Daily Mail Dosing

The repitition of writing about Daily Mail ‘journalism’ makes me realise that I so often start a post in exactly the same way. I always seem to start with the old cliche that just when you think they could not get any worse, they do. However, this is not done for effect, it is written because I genuinely despair at how the Daily Mail manages to sink lower almost every time I happen to visit their website. The story that has me shaking my head with frustration is this: ‘I-Dosing: How teenagers are getting ‘digitally high’ from music they download from internet‘.

This story – written by Daniel Bates* – is currently selected as one of the editor’s ‘six of the best’ and is trying to convince readers that teenagers are listening to music designed to replicate the effects of popular drugs.

Seriously. This is not a joke:

They put on their headphones, drape a hood over their head and drift off into the world of ‘digital highs’.

Videos posted on YouTube show a young girl freaking out and leaping up in fear, a teenager shaking violently and a young boy in extreme distress.

This is the world of ‘i-Dosing’, the new craze sweeping the internet in which teenagers used so-called ‘digital drugs’ to change their brains in the same way as real-life narcotics.

They believe the repetitive drone-like music will give them a ‘high’ that takes them out of reality, only legally available and downloadable on the Internet.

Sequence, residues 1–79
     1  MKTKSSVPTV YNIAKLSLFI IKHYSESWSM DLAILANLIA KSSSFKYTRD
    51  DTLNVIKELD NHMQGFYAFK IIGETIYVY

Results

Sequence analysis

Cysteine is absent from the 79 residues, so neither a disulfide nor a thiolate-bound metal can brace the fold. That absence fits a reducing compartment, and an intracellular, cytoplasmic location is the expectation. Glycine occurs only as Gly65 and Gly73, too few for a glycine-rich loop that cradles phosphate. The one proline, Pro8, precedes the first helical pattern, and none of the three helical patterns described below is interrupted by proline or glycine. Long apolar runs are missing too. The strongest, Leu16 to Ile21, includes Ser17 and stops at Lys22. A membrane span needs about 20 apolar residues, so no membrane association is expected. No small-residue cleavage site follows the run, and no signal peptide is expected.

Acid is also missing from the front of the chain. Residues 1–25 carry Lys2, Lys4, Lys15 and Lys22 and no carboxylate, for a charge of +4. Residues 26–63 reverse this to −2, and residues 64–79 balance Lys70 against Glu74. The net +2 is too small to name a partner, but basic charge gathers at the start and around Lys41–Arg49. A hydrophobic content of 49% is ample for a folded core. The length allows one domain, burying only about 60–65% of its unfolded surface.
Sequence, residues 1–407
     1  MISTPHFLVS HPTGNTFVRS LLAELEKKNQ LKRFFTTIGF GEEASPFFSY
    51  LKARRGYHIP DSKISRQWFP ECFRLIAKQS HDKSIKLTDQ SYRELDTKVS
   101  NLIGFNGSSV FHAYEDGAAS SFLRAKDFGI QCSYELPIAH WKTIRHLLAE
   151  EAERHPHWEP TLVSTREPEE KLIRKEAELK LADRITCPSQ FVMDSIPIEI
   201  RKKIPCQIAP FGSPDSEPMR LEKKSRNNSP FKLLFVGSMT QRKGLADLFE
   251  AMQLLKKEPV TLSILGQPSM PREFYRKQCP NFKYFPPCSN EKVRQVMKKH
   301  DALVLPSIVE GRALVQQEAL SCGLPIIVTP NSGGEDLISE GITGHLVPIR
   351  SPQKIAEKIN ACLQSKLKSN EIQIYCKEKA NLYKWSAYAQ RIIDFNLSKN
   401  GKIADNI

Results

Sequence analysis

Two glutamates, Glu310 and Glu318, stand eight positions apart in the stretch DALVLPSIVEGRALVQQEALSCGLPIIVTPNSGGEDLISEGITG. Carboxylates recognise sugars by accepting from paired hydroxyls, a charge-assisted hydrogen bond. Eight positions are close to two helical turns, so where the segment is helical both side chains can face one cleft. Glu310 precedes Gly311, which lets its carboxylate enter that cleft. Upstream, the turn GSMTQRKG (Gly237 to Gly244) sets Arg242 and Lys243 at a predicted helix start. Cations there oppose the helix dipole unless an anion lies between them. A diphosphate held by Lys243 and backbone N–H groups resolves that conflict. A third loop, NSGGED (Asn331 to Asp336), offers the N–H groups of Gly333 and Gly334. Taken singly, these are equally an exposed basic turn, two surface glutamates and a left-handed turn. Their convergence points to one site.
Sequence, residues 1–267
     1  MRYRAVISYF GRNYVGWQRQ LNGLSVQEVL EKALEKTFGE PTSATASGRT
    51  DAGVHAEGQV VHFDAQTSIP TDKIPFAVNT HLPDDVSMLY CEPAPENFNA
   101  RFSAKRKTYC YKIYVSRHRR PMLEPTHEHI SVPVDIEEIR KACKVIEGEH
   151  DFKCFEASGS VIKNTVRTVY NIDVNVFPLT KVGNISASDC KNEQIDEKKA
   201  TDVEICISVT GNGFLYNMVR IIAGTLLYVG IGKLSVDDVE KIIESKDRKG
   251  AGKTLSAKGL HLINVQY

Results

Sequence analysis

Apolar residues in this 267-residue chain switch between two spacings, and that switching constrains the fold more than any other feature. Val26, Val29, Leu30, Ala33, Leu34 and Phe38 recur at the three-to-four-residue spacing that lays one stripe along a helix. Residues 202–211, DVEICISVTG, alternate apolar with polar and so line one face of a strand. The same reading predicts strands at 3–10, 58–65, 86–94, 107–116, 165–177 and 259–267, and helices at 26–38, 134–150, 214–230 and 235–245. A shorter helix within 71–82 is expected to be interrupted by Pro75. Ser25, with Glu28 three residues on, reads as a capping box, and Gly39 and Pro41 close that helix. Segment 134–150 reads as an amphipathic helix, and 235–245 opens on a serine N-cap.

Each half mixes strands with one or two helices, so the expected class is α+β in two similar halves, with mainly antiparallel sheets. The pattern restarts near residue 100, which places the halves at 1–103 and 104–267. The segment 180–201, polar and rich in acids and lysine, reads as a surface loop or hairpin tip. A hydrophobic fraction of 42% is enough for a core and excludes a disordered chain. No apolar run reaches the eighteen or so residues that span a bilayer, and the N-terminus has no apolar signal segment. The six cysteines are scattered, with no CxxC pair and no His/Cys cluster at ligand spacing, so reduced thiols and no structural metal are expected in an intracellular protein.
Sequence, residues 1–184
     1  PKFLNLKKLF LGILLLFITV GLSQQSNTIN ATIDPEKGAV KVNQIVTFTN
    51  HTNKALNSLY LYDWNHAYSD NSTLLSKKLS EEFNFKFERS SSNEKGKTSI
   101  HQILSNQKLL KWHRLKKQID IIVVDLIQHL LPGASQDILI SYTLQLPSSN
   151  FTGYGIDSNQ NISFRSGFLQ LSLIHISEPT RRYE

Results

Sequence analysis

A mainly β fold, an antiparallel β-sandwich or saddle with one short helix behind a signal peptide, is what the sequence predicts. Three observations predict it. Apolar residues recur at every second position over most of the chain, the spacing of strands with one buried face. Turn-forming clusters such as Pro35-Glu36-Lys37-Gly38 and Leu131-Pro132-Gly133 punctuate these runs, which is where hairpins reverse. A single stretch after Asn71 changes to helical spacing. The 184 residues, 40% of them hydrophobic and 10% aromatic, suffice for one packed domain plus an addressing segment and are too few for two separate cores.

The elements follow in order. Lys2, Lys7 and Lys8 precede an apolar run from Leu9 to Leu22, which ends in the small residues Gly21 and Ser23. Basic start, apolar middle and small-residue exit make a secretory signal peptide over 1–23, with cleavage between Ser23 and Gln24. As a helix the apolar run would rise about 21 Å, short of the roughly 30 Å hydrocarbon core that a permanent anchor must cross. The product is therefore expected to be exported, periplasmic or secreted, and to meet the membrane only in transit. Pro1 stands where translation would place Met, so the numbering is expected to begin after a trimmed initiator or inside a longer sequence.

The craze has so far been popular among teenagers in the U.S. but given how easily available the videos are, it is just a matter of time before it catches on in Britain.

It always amuses when you read a story on the Daily Mail website that warns you that the Internet is evil and will give you cancer and allows your CHILDREN to download music that works JUST LIKE DRUGS, because the Daily Mail website is a drug. Thousands of people visit it every day to get their dose of outrage, to post angry comments over made-up stories about ‘elf n safety’ or the PC brigade or pathetic stories about the dangers of Facebook.

Some visitors (or ‘users’) – like myself do suffer violent shaking and extreme distress. Here I would like to start the next Internet craze to see whether the Daily Mail will report it: film yourself visiting the Daily Mail website and show your distress, violent shaking, vomiting and rage that is induced just by scrolling down the homepage and put it on Youtube. If enough of us did that then we’d soon forget about the I-dosing worries and start worrying about a real Internet menace.

Seriously, when I have some time I will be doing this video and encourage anyone with a camcorder and a sense of humour to do likewise. If anyone is good with make-up / theatrics then you can make your eyes bleed for the camera as you are filmed scrolling down the screen. It would be fantastic.


* I am trying to name and shame ‘journalists’ as much as possible.

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